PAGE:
Meditation is listening."
Meditation was a hard thing for me to stick to until recently. It’s been nearly five months and I have only missed a handful of days. I believe it has changed me…my life, in several ways…physically, emotionally, spiritually. Perhaps even changed me on a cellular level, some say that’s entirely possible.
My first experience with meditation came at the end of yoga sessions, years ago. The mediation practice ended when the yoga class ended. My next experience came as a result of an intensive class in Mindfulness Training at the local university. That stuck for a while, at least long enough for me to get the hang of it. And then, I allowed life to interfere and lost the practice.
When I picked it up most recently I realized I was having a hard time “sitting” to meditate. A foot would cramp, my lower back pained me, and so on. Several books I was reading on Buddhism and meditation gave me permission to “not sit” but rather lie down for my meditation time. I lay at a 45 degree angle from my hips up, not totally flat. This position has made ALL the difference in how enjoyable the experience is and it has allowed me to relax into the meditation and not fuss about how my body is feeling. There would be many who would disagree with this method but I believe it’s better to do it this way than not at all.
I have now bored my friends and family with my enthusiasm for meditation. One person even accused me of proselytizing. I’m really not trying to convert anyone I am merely sharing my experience of peace and joy that has come from this practice.
I call what I do meditation but it goes by several names. One might call it prayer, contemplative prayer, introspection, whatever suits your sensibility and philosophy. It could be called plain old “Zoning Out”.
Some find this state through a quiet contemplative practice and others find it in walking, running, painting, singing, skiing or whatever activity that allows the practitioner to descend into that place of peace. It's a tradition that has survived in and out of religion in nearly every culture for thousands of years. Some use it for relaxation purposes, for others it's a spiritual practice. Mine's a bit of both.
It’s a very personal practice and over time mine has evolved to meet my needs. I follow a basic path but it could also change daily, depending on what is going on in my life. First I make myself comfortable, checking the temperature (covering myself or removing pieces of clothing if need be). I then consult with all parts of my body starting at the feet and going up, making sure all is well with each area, giving special attention to areas that hold tension or feel off. Next I become aware of my surroundings, light, temperature, sounds, smells.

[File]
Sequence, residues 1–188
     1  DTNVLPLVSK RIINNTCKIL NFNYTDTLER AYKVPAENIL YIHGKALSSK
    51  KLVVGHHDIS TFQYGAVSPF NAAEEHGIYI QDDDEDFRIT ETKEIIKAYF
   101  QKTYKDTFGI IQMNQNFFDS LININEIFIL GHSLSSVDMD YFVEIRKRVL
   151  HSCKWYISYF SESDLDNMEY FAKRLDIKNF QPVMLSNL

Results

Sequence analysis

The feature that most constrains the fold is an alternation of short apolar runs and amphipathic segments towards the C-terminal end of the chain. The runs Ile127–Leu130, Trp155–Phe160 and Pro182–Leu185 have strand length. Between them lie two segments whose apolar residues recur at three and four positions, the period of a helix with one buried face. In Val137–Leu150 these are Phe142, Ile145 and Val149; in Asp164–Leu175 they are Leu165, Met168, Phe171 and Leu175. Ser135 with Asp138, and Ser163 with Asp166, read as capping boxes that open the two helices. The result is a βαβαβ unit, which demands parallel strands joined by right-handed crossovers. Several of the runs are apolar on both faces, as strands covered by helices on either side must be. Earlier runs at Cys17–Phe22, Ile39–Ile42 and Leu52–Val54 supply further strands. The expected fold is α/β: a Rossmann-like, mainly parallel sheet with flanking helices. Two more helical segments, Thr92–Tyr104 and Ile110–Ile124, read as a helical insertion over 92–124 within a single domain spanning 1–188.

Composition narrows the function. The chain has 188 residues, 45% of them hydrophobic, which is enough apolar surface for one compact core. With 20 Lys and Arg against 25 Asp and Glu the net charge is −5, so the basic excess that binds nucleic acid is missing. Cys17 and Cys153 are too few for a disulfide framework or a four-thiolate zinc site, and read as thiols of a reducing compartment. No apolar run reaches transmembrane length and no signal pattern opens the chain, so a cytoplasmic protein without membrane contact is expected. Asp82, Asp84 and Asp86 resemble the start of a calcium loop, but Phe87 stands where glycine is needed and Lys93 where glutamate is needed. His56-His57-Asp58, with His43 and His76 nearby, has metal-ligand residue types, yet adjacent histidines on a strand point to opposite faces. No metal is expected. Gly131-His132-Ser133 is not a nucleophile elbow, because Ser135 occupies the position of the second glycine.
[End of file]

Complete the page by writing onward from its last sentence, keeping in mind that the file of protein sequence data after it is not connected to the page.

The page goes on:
After a couple of minutes of settling in I take five deep cleansing breaths to release tension and bad energy. First I open myself to the Universe for guidance, messages, and care. I use the word Universe as it encompasses so many possibilities for me. I then like to go through my gratitude list for the day blending it into my breathing pattern.
If possible at this point I empty my mind. I even say to myself, “Empty Head, Empty Head”. Some days it’s easier than others. Of course, this is the biggest challenge of any meditative practice. When thoughts come in, I observe them and bid them “fly away”. This image works for me.
If this emptying of the mind is causing frustration I go into another phase which is much like OM but I say, “I AM” and follow it with whatever POSITIVE comes to mind. On the intake of breath I say to myself, “I AM” and on the release of breath I will add a word or phrase such as: Well, Happy, Peaceful, Relaxed, Loved, Loving, Creative, etc., whatever speaks to me that day.
If I am to go to a deeper level, which doesn’t always happen, this is the time. This is when the cool stuff can happen (or not). I had more visual experiences when I first began this practice and they still happen but not as frequently. And as the title of this article suggests sometimes I drift off. There is a fine line between “getting in the zone” and light sleep. I believe both to be valuable. I quote the Dali Lama here…”Sleep is the best meditation.” If you need a few winks your body lets you know. That's why I set a timer.
I prefer to meditate once a day in the early to mid-afternoon, as that is when I am free and my household is the quietest. After years of dragging between 4:00 and 7:00 in the evening I now have energy to complete the day. Forty minutes is what I shoot for but if I can’t spare that much time I will set the timer to 30, 20 or even 10 minutes, whatever I can fit in. For me even a short time is better than no time. I sometimes find myself becoming Mindful or Meditative while sitting at a stop light, waiting in line at the market or sitting in a doctor’s office. It calms and centers me like nothing else. It doesn't have the full effect but it calms, soothes and patience comes more easily.
Okay, now perhaps I can let go of my enthusiastic “sharing” of this subject.
If you choose to give it try, find a good instructor or book to guide you. If you already practice I’d love to hear your experiences or ideas.
"Meditation is painful at the beginning but it bestows immortal bliss and supreme joy in the end."